Anna Lisa Smith, the designer of our new textile range, talks design inspiration in our interview
Updated: Nov 25, 2020
Hello and welcome to the Artisan Homeware blog. It's been a difficult year for sure for many of us, but it's also been incredible to see the support out there for independent businesses in the face of these turbulent times, and a genuine interest in the stories behind some of our very special new products and their hugely talented producers - which has inspired us to start up this blog. We're kicking off with a fascinating interview with Anna-Lisa Smith, owner and designer behind the eponymous label whose 'Alex' collection of luxury merino wool blankets and cushions has just launched on our site. We talked to Anna-Lisa about design inspiration, the trials and the triumphs of running your own design label and homes in pandemic times. Read below:
Where do you usually look for inspiration, and what was the inspiration behind the Alex collection specifically?
ALS: There are certain designers and artists that I know I can always return to, Bauhaus design, Ben Nicholson’s paintings, Sonia Delauney’s textiles, Gees Bends’ quilts - but a lot of ideas come to me from architecture and the built environment. Weaving is lines and blocks - so weaving and architecture are symbiotic, and the lines of architectural designs naturally translate into weave.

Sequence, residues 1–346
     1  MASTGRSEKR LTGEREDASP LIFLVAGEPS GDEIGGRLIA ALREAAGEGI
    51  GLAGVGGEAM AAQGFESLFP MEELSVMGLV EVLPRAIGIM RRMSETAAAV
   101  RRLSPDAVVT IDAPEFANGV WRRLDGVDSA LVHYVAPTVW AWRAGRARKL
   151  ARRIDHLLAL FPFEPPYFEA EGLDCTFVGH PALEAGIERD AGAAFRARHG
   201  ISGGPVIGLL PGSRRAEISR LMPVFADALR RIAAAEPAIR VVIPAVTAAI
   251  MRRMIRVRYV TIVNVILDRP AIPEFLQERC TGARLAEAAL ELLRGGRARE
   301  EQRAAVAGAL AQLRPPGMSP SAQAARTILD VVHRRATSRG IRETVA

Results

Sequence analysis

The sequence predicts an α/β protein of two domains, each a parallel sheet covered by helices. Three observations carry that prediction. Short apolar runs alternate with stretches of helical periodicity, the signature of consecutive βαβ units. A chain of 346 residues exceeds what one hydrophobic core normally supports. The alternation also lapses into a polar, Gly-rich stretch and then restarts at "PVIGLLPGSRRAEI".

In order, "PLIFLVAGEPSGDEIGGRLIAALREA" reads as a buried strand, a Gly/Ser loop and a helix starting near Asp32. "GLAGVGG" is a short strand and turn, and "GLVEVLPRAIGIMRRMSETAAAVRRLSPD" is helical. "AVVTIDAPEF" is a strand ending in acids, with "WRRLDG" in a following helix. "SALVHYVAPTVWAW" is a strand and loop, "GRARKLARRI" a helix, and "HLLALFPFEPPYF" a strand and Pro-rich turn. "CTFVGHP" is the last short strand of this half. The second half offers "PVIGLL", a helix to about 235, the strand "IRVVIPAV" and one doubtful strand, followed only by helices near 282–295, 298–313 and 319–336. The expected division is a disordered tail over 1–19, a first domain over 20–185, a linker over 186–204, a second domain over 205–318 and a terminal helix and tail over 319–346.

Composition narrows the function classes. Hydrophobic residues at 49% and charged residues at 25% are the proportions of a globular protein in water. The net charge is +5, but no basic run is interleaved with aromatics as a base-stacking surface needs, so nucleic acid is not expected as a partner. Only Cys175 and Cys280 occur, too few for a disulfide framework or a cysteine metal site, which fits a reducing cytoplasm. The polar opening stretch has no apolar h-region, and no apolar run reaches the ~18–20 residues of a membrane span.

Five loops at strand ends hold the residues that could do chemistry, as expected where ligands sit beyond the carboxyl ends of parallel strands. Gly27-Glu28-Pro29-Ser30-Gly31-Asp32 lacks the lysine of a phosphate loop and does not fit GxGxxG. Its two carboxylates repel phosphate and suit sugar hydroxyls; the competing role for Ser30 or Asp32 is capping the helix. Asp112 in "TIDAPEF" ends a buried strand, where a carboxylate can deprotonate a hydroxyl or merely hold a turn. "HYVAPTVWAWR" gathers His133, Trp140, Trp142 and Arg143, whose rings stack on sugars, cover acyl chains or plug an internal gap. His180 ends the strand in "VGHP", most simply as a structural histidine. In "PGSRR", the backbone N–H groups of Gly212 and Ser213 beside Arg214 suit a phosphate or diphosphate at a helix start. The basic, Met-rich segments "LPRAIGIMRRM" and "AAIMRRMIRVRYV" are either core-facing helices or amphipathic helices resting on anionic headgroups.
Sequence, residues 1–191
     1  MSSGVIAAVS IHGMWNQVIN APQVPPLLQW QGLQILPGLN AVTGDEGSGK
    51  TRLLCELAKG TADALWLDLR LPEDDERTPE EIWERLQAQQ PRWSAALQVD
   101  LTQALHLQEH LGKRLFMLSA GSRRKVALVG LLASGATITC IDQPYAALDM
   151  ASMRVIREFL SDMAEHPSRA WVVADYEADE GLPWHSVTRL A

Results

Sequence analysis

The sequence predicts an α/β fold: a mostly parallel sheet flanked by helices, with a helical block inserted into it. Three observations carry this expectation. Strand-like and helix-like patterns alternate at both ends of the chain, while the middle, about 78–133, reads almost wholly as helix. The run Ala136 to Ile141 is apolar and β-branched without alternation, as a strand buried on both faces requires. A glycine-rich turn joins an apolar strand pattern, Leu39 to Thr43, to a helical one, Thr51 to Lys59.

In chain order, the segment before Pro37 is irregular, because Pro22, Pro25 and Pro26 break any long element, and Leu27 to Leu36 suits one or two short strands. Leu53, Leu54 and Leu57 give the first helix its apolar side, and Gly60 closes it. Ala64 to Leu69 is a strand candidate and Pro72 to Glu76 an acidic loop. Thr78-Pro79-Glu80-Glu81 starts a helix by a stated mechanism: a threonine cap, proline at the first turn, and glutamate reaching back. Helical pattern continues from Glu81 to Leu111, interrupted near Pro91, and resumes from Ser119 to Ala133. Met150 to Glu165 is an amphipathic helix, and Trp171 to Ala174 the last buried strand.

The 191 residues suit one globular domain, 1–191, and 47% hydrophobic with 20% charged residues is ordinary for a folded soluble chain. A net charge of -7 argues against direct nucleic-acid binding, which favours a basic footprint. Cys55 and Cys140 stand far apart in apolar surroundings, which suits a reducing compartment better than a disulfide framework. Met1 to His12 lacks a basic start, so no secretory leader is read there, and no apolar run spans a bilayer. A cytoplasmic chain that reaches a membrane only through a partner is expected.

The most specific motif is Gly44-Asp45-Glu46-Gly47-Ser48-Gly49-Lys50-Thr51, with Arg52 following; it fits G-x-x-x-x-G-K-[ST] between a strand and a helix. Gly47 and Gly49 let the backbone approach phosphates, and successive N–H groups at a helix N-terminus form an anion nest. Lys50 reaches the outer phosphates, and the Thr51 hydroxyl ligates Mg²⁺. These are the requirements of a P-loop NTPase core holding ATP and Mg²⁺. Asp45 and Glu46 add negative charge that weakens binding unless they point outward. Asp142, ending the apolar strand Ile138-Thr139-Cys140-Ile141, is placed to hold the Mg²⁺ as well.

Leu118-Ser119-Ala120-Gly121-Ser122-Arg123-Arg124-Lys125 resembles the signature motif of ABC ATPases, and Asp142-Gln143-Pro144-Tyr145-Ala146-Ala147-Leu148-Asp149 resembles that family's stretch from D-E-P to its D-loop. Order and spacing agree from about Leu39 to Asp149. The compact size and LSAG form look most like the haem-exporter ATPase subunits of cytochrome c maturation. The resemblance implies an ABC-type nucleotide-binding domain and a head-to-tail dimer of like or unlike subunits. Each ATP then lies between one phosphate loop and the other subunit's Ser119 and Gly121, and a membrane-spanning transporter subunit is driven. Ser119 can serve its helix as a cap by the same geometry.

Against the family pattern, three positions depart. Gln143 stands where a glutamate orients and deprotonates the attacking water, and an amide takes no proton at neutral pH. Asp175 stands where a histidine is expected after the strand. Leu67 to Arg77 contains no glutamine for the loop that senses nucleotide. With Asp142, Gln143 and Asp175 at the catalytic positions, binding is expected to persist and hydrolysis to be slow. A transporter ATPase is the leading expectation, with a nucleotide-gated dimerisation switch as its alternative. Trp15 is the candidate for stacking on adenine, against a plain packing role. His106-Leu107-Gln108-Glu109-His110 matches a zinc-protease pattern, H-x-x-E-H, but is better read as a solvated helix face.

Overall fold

The Alex collection was based on some tiles I saw in Portugal. Not traditional Portuguese tiles - this was in Cascais, a little town on the coast close to Lisbon that is quite extraordinary - very ornamental and decorative, and amongst all the traditional, elaborate decoration were these very simple, modern tiles whose design was very different from everything else around them, and really stood out to me. It was the lines and the colours of these tiles that were the starting point of the Alex collection.
What is your working process as a designer, from initial inspiration to having a design ready to produce?
ALS: It begins with photographs, and a lot of work in sketchbooks, on graph paper - working on the pattern, the proportions, the scale. I nearly always start with the idea that this time, I’ll do something more elaborate - and then at the end of the process, it has become something much more simple. This design process for me is about finding the essence of a particular design, the balance, the purity - stripping back the excess and allowing what it is that is simple and beautiful about that design to emerge.